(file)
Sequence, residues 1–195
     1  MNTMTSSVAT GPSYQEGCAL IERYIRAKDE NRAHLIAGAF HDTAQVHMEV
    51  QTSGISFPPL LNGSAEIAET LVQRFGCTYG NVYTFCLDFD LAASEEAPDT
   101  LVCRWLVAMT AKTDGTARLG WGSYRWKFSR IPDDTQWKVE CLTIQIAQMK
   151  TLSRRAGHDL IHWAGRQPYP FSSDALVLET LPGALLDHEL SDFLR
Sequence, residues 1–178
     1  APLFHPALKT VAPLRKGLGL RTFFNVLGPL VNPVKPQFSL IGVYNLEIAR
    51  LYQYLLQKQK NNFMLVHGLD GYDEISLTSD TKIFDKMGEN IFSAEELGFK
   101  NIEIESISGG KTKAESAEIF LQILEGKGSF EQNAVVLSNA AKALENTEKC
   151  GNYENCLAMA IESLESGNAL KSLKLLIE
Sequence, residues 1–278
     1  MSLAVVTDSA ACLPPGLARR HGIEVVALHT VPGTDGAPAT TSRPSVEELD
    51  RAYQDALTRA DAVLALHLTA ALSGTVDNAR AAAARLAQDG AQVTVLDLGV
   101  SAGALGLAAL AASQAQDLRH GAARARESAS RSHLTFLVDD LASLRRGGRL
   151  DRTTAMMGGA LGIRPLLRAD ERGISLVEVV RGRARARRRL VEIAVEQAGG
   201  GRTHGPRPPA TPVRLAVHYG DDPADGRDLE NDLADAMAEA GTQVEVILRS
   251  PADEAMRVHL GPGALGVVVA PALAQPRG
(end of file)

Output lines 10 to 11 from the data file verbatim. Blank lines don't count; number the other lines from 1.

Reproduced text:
   151  GNYENCLAMA IESLESGNAL KSLKLLIE
Sequence, residues 1–278